Was Stratfor Breached By an Insider?

Tuesday, January 03, 2012

Jeffrey Carr

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While waiting for the other shoe to drop on the Stratfor breach (the release of a few million emails), I took a look at who works for the company in an attempt to understand how they could have made so many mistakes in handling their customer and client data as well as their network security.

The adage that a company is only as good as its employees is certainly true about Stratfor.

The company was founded in Austin, TX in 1996 by George Friedman, an academic. LinkedIn has profiles on 63 of its employees. According to those profiles none have a background in information security.

The company doesn't have a Chief Information Officer, Chief Security Officer, or Chief Information Security Officer. None of its employees' profiles show that any of them have ever worked at NSA, CIA or any other 3-letter agency.

Two senior executives (Fred Burton and Scott Stewart) came from State's Diplomatic Security Service. Many of Stratfor's employees came to the company just after they graduated from college including, most importantly, their IT director for almost 13 years Michael Mooney.

Mooney graduated from UT Austin in 1994, joined Stratfor in 1997 and left in September, 2011. I've tried to contact Mr. Mooney by email to find out his side of the story, why he left the company, etc., but so far, no joy. Stratfor's Chief Technology Officer Frank Ginac apparently didn't care for his work based upon his "Mooney's Turds" comment posted by Anonymous:

"It blew my mind to discover that our email server backups are being stored on the same physical server. I'm affectionately referring to these little discoveries as 'Mooney turds'."

If Mooney was fired and held a grudge against Ginac and/or Stratfor, then he would certainly have a motive for payback by helping Anonymous root the company's servers.

The timing is certainly interesting. Mooney left the company and a new replacement was found for him almost immediately (October, 2011) which suggests that Ginac was unhappy with Mooney and was looking for a replacement before letting him go. Considering the shabby state of Stratfor's network security, the attacker(s) could have been in there for a few months prior to the December 24th event.

I'm not accusing Michael Mooney of being involved. I am, however, stating that attacks by insiders who hold a grudge against their employer are commonplace and Mooney's position along with the circumstances around his departure will certainly be explored by law enforcement as part of the investigation.

Apart from who was allegedly involved, there's no mystery about why Stratfor's network was in the state that it was in. Security wasn't a priority and there was no in-house expertise to make it one.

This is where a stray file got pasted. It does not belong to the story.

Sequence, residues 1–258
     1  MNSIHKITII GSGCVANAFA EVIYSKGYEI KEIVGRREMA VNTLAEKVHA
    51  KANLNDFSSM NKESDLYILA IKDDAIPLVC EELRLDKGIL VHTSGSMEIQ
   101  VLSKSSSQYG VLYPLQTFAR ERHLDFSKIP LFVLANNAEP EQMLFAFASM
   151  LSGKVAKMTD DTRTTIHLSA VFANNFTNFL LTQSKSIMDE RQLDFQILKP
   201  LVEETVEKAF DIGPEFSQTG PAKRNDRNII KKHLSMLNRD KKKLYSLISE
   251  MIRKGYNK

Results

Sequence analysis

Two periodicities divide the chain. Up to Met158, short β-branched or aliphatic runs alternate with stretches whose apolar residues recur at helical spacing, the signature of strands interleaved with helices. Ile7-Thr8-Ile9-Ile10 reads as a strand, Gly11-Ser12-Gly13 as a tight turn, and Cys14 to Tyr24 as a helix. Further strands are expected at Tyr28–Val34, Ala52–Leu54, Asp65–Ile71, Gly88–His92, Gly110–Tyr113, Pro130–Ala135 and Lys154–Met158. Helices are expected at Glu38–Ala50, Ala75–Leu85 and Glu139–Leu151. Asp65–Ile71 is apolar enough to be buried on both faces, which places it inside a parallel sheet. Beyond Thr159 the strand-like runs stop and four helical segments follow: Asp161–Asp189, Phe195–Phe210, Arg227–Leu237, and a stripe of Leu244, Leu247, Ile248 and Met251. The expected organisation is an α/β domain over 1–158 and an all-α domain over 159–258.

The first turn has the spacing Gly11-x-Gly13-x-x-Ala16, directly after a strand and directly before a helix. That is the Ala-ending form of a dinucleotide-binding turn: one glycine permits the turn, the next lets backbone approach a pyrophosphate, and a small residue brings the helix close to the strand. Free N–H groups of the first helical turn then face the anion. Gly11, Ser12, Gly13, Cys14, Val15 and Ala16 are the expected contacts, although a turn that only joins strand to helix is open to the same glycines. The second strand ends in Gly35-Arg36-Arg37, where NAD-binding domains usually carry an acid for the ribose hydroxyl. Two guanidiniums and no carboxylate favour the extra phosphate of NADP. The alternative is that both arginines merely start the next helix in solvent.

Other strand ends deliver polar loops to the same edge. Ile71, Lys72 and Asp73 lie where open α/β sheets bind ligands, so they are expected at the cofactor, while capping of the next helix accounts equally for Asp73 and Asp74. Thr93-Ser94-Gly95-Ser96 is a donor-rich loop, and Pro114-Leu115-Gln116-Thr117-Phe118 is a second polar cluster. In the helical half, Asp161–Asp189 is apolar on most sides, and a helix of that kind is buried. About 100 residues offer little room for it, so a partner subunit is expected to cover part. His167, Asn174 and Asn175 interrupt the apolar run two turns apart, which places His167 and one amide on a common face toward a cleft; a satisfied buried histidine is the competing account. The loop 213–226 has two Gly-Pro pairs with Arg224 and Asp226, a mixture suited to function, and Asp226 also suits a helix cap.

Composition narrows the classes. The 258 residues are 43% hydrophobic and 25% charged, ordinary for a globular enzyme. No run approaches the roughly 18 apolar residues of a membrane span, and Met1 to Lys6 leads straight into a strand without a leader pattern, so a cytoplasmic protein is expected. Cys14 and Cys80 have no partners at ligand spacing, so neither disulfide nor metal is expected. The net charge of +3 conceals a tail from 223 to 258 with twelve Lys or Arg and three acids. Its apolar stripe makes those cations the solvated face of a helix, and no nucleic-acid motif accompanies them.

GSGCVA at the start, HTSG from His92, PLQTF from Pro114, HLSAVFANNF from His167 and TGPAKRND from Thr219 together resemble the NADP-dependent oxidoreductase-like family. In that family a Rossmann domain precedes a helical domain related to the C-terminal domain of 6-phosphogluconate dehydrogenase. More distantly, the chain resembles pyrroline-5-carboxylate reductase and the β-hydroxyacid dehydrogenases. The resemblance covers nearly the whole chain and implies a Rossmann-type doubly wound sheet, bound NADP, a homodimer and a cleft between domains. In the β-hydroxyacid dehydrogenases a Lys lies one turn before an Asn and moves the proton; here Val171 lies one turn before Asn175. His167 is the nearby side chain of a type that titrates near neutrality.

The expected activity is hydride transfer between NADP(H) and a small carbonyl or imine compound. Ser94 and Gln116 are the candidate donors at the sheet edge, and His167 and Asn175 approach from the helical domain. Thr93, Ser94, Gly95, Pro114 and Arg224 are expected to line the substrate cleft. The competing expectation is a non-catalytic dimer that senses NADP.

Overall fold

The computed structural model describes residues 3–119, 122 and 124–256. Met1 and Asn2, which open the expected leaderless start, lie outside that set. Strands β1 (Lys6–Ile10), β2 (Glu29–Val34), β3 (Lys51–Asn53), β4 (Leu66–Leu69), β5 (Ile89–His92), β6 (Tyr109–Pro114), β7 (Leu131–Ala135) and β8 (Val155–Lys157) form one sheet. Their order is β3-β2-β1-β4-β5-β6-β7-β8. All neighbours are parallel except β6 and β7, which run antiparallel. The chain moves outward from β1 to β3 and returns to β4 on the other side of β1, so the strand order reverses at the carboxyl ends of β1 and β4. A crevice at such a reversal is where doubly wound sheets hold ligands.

Next comes the consequences to Stratfor's customers, which George Friedman (CEO), Frank Ginac (CTO), and Darryl O'Connor (COO) all need to be held responsible for.

Cross-posted from Digital Dao

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Xander Cage Jeffrey, great article! I guess what should be done next is look at if anyone is friends with Barrett Brown since he lives in Austin & Dallas. The other question that comes to mind is when did the initial compromise happen? I ask this because the specialforces.com password was in the STRATFOR Database.
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Jeffrey Carr Thanks, Xander. Both good questions. I spoke with Barrett Brown about this but he didn't confirm or deny. I didn't know about the specialforces.com password but it makes sense to me that these were targets of opportunity that are related in multiple ways.

I updated my post at Digital Dao with some new info as well.
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Andrea Zapparoli Manzoni Hello Jeffrey, there's another possible explanation --> it is very possible that mr. Mooney was hacked after leaving the company, and that he had still working Stratfor accounts on his own box(es)...

The sorry state of security at Stratfor makes me think that shared administrative accounts (or accounts hard-coded into scripts, non personal vpn credentials, etc) were the norm, therefore it's not unlikely that pwning Mooney would have given direct access to Stratfor's systems even after his departure / firing.

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Terry Perkins Great article, Jeffrey. I am stunned (though I shouldn't be) everyday at the lack of network security. It is really appalling. What is the solution to ensure that companies get the fact that security is vital?
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